Pakistan is experiencing a record monsoon season that has displaced at least 30 million people. More than four million Bangladeshis were displaced by what has been called the worst flooding the country has seen in a century. In neighbouring India, the Ganges is above the danger mark in at least five locations and more than 16,000 evacuees have been housed in relief camps. South Asia is suffering from natural disasters exacerbated by climate change.
The devastation is not unprecedented, nor is it about to go away. Energy Monitor’s weekly data shows that out of the top ten countries most affected by climate and weather-related disasters in the past decade, four were in South Asia.
Despite their evident vulnerabilities to climate change, countries in South Asia have made little progress on decarbonisation. Coal, oil and gas make up at least 80% of the energy mix in the region’s major economies: Bangladesh, India, Pakistan and Sri Lanka.
Moreover, an energy crisis is peeking round the corner – Pakistan, for example, has been forced to cut electricity to households as procuring liquified natural gas (LNG) has become too expensive. S&P Global reports on a significant electricity crunch, with around 14 power plants with a combined capacity of 7GW offline due to fuel shortages. In autumn 2021, Bangladesh underwent a similar experience when Dhaka cancelled an LNG import tender over unbearably high prices for the country.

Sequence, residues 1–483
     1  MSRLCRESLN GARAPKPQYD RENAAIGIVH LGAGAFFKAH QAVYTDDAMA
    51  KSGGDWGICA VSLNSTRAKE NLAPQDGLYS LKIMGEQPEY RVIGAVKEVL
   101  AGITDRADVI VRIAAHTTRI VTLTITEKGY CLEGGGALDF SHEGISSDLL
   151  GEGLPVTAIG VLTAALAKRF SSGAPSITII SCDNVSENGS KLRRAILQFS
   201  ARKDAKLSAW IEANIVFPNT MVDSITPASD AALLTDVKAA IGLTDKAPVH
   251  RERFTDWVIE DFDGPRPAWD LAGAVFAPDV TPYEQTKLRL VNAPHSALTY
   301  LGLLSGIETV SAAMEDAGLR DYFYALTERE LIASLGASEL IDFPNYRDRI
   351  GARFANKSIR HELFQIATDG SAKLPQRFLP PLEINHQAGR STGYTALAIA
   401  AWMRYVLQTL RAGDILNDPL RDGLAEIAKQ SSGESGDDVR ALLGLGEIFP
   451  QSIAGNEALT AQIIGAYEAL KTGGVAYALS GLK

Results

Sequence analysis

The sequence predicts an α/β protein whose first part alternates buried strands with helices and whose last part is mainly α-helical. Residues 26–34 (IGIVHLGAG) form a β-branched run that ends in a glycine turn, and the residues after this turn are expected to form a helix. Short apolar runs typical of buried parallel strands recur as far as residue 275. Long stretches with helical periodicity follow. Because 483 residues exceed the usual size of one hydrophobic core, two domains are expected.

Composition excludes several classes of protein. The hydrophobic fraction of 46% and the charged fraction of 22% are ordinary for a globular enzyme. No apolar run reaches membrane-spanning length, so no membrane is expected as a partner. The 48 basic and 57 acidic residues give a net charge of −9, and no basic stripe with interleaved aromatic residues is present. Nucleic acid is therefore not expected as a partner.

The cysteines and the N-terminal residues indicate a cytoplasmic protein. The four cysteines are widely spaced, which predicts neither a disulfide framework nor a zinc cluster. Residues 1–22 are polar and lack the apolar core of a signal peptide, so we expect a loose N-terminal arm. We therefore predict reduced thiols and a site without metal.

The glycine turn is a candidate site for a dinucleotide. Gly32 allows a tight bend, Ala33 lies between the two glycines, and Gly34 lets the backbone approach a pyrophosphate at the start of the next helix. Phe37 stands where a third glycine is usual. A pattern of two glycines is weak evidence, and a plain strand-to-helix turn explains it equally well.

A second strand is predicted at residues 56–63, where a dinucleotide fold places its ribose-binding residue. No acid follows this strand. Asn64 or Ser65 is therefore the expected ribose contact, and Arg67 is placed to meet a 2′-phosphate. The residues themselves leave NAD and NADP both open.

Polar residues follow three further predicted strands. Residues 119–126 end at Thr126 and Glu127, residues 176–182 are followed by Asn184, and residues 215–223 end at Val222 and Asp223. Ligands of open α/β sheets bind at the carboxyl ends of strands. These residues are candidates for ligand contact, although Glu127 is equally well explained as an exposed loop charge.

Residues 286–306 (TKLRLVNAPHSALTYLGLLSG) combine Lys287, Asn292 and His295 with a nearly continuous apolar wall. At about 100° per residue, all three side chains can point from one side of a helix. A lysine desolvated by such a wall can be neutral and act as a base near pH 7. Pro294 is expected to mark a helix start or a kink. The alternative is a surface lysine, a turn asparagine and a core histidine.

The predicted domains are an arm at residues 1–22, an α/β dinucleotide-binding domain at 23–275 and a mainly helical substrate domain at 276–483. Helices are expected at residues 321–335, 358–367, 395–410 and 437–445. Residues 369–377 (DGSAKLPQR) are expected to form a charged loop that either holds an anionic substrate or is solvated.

So far, despite its fossil fuel dependency, South Asia remains a rather small contributor to global greenhouse gas emissions. In total, the region contributed 9.3% of global emissions in 2019, with India alone responsible for 7.3%.
However, the region is likely to become more important for global climate action as its population is set to soar. South Asia is home to a quarter of the world’s people. India is set to displace China as the most populous country on Earth as soon as 2023 and the population of South Asia is set to grow by half a billion people in just 30 years.
South Asia’s vulnerability to climate change and extreme weather events is enhanced in poorer regions. A Global Climate Risk Index from NGO Germanwatch shows that while monetary losses observed in richer countries are higher, the loss of life and existential threat of climate change is much more prevalent in low-income countries.
Here is where international climate finance comes into play. India has been the biggest recipient of climate finance, according to the Climate Funds Update, an independent website providing information on multilateral climate finance initiatives, with Bangladesh coming fourth.
Yet the funds disbursed are often not on par with what climate change requires financially. Most of climate finance in India comes from domestic sources and is far from what is needed for New Delhi to reach its climate targets under the Paris Agreement, according to a report by analysis and advisory organisation the Climate Policy Initiative.
Pakistan, due to its comparatively small contribution to global emissions, is now calling for reparations from the rich countries that are mainly to blame for climate change.